I even think about going straight for a manufactured PCB, as I don't really enjoy breadboarding. Perfboard would be an option, but changing parts later on can end up pretty messy. I used to etch my own pcbs in the past, so whenever I wanted to try something, I made layout and went for a full prototype right away.
Probably going for surface mount this time, since i find it easier to swap smd components in and out using a hot air desoldering station. I'd make sure add test points and provide pads/jumpers for additional components, trimmers, etc. wherever i think they could come in handy, of course.
cygmu
robin87 wrote:

cygmu wrote:
The VCFQ's resonance control does indeed have an exponential response […]


Please correct me if I’m wrong, but shouldn’t it be just the opposite? The gain cell / 2180 is attenuating the inverted feedback from the bandpass out and the resonance is increasing as the gain approaches zero.. So a exponential response in the feedback path would result a logarithmic response of the resonance pot, wouldn’t it?


I can see why you might think so -- putting an exponential control in the feedback path of an op amp is a good way to generate logarithmic response -- but I don't think that's how it works out here.

The resonance in a state variable filter is obtained by feeding back the BP output into the input with a gain of -1/Q. The gain cell we're discussing controls the magnitude of this gain (the sign is dealt with by the summing arrangement). The circuit takes the CV, inverts it, and feeds it to the gain cell, so the gain is controlled in a exp(-CV) relationship. So the Q is controlled in a 1/exp(-CV) = exp(CV) relationship.

I hope that makes sense! I might have become confused along the way but I think this is right.

Edited to add: I always get confused about the structure of the SVF and go hunting for the diagram at the top of p21 of http://electronotes.netfirms.com/EN194.pdf which helps. I am linking it here so that I can find it again when I need it!
robin87
cygmu wrote:


I can see why you might think so -- putting an exponential control in the feedback path of an op amp is a good way to generate logarithmic response -- but I don't think that's how it works out here.

The resonance in a state variable filter is obtained by feeding back the BP output into the input with a gain of -1/Q. The gain cell we're discussing controls the magnitude of this gain (the sign is dealt with by the summing arrangement). The circuit takes the CV, inverts it, and feeds it to the gain cell, so the gain is controlled in a exp(-CV) relationship. So the Q is controlled in a 1/exp(-CV) = exp(CV) relationship.

I hope that makes sense! I might have become confused along the way but I think this is right.

Edited to add: I always get confused about the structure of the SVF and go hunting for the diagram at the top of p21 of http://electronotes.netfirms.com/EN194.pdf which helps. I am linking it here so that I can find it again when I need it!


Thanks very much for this right away, thinking about it more helped me find an error in my schematic! thumbs up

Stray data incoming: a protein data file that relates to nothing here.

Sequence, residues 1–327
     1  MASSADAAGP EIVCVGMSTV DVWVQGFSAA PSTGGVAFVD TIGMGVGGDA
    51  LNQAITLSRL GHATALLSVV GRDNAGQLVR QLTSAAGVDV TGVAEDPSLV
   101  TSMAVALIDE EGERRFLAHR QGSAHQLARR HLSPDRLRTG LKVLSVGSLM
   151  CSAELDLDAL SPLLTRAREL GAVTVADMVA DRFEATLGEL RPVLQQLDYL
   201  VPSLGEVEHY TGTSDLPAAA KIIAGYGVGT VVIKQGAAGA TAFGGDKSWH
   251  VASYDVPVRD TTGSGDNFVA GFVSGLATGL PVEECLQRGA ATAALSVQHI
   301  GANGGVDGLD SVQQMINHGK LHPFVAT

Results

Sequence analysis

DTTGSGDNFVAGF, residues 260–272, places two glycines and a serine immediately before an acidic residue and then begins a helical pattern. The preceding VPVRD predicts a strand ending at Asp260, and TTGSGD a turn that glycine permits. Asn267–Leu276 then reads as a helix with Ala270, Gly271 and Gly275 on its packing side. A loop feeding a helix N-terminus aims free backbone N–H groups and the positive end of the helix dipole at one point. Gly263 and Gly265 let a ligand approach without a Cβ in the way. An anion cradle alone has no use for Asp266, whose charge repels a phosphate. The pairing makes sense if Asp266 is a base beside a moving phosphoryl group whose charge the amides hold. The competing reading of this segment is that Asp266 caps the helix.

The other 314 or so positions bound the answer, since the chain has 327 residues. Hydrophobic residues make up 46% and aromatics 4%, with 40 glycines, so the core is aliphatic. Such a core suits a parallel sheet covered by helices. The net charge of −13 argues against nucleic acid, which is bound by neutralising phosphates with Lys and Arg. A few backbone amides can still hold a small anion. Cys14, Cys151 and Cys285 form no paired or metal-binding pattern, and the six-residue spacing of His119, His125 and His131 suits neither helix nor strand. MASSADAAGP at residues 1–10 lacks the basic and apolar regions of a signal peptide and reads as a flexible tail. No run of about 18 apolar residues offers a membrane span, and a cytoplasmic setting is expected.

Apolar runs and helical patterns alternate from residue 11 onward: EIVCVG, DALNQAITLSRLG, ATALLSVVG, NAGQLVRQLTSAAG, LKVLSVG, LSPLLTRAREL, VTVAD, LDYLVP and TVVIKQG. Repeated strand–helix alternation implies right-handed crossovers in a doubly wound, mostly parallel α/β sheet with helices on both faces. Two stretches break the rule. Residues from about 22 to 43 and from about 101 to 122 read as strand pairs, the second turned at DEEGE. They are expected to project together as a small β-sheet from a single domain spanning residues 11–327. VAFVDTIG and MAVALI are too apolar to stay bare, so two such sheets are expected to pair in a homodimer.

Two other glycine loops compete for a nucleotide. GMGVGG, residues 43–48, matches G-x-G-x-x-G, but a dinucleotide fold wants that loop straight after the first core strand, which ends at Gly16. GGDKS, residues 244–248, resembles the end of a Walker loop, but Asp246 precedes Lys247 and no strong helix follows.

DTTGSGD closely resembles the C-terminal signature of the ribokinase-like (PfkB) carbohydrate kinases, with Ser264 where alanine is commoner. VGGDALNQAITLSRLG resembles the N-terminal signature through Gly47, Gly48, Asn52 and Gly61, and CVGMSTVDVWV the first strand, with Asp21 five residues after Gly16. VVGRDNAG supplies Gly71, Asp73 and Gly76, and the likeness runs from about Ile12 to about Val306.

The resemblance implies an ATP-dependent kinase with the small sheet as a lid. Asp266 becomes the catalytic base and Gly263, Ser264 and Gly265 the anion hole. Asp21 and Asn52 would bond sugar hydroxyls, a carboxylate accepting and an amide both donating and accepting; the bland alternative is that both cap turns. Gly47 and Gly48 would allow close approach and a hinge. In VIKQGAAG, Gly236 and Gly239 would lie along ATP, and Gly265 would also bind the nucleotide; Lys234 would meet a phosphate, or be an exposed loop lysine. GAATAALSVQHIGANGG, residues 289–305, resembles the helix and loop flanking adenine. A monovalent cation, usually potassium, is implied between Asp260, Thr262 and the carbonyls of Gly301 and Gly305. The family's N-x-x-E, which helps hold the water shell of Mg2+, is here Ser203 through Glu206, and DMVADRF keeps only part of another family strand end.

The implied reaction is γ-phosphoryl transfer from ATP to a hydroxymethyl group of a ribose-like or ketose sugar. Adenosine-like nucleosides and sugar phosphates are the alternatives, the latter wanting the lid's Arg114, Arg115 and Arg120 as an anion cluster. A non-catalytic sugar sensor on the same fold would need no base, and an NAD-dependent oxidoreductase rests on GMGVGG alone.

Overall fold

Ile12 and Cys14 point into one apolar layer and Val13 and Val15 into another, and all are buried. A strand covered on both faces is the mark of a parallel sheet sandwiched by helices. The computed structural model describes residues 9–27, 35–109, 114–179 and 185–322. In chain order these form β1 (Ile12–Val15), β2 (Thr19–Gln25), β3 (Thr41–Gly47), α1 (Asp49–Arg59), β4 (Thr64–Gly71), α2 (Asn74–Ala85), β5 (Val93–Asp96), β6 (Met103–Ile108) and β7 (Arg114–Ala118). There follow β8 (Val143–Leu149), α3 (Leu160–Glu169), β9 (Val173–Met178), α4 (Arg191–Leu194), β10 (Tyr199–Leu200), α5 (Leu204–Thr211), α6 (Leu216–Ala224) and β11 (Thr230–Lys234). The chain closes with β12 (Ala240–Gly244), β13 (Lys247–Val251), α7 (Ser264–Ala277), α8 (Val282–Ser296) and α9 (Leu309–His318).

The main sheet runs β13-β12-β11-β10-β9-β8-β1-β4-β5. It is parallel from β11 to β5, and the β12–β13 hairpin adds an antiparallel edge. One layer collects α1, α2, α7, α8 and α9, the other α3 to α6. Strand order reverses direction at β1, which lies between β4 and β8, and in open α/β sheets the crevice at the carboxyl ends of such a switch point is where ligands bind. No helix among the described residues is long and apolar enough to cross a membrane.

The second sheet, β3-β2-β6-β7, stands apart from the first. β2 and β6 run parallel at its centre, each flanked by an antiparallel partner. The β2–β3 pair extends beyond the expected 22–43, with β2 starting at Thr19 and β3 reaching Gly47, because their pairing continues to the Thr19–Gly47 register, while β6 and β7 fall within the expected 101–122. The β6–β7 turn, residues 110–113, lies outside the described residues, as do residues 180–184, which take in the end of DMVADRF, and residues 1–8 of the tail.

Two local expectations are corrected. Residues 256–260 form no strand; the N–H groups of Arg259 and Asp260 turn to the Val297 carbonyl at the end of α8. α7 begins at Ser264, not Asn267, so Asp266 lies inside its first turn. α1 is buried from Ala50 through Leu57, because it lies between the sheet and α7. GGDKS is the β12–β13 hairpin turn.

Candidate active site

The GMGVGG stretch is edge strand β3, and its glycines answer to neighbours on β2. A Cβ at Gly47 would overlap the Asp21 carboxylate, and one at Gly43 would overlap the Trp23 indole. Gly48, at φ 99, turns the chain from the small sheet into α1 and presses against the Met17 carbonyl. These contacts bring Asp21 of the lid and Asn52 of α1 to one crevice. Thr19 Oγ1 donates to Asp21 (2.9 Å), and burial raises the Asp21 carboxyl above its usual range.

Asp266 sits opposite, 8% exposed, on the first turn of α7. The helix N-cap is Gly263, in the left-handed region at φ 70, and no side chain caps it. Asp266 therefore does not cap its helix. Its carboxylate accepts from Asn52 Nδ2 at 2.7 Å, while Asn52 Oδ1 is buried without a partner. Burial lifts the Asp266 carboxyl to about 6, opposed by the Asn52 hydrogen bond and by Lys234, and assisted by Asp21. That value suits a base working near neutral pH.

I'm still confused though. I thought decreasing the gain of the negative bandpass feedback actually increases the resonance, with a gain of zero resulting in maximum resonance? otherwise, why would you invert the cv at all?

Again, I don't want to suggest that you're wrong, I know close to nothing about these things and I'll have a lot of reading and experimenting to do, that's why I keep asking questions. The fact that I'm looking at two different schematics at once (2164-based SVF/VCFQ) just adds to the confusion, as i begin to wonder whether they are really as similar as i think. (this is the schematic I'm talking about, btw: https://www.muffwiggler.com/forum/viewtopic.php?p=904155#904155 )


Another question: Wouldn't a exponential response of the Q control be the opposite of what i need, assuming my main goal is to dial in the ringing of the filter precisely?

My VCFQ becomes very resonant with the Q knob past 10 o'clock, after that you basically control the decay of the ringing, which makes it great for finely tuned pinging. When turning the knob and listening to the resonance, it doesn't feel exponential to me. (In the way a exponential VCA reacts, for example.)

Thank you very much for your input, really appreciated!


- UPDATE! -

I just finished putting together a schematic of the filter I'd like to start with. "putting together" is the right term here, as it is a combination of different parts of circuits shared by other people. Aside from adding some optional components, (which might even turn out to be useless,) I contributed nothing original to this. Do you guys think it would be ok to post the schematic here anyway?

It's basically a filter core by Dr. Sketch-n-Etch, combined with CV input stages copied straight from the Mutable Instruments Ripples/Shelves.

I should probably rename this thread first, as people might assume that I'm designing an original filter here, which is not the case. For now, I just want to build something that I can mess with and tweak to my liking.